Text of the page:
When I moved here, I learned about a group called A Wider Circle (AWC), which was founded by Mark Bergel. In 2001, as a Sociology Professor at American University, where he earned his Masters and PhD, he realized that it was important to do something and not just teach about it. Bergel started this unique non-profit organization in his Bethesda studio apartment. He deeply believes that all men, women, and children must have their own bed and a decent place to live. Bergel conceived the idea of finding ways to collect and move gently used quality beds, mattresses, and furniture in good condition to a storage facility where low-income families, especially those transitioning out of homelessness, would come to the center and select the items at no cost they need for their newly acquired homes in the county. AWC's key message to donors has always been that items must be in good to great condition to support the dignity of each and every one of the AWC client families.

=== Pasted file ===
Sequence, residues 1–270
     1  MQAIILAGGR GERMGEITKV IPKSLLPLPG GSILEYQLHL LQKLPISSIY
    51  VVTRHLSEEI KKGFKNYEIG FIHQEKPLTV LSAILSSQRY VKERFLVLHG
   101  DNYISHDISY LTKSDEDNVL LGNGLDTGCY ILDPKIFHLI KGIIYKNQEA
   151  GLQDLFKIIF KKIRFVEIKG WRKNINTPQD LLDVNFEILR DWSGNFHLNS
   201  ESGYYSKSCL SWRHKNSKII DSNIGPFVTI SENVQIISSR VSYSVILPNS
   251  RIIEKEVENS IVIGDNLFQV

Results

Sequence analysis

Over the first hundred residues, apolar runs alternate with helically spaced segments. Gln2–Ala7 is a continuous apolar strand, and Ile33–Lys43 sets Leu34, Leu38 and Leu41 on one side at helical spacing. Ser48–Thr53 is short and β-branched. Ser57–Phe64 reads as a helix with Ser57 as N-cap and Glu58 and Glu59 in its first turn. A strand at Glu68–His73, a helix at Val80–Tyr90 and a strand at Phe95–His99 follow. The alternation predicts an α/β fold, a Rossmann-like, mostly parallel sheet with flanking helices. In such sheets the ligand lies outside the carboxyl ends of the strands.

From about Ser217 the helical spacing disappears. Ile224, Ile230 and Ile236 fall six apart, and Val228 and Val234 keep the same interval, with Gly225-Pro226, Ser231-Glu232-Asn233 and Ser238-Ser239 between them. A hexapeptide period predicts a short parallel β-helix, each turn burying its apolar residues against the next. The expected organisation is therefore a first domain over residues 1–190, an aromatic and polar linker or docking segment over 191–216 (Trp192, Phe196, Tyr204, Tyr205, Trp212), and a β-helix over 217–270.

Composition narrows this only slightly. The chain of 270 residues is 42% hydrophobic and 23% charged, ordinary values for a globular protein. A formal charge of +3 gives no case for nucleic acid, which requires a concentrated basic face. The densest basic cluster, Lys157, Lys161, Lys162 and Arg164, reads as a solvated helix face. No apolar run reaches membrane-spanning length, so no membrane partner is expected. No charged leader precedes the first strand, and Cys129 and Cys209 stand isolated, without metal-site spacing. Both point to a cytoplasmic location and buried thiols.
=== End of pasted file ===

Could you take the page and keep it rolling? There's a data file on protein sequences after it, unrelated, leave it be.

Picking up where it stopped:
Today, A Wider Circle has several programs including the Essential Support Program, where clients receive furniture and other basic support services. Through the AWC Workforce Development Program, clients attend classes and work with job coaches as they strive to get back into the workforce or pursue better jobs. This program also includes a Professional Clothing Center, where clients are able to select from a wide variety of business attire for both men and women. A Wider Circle’s Neighborhood Partnership Program now provides services to low-income families and individuals living in DC in Shaw (NW) and Highland Dwellings and Additions (SE).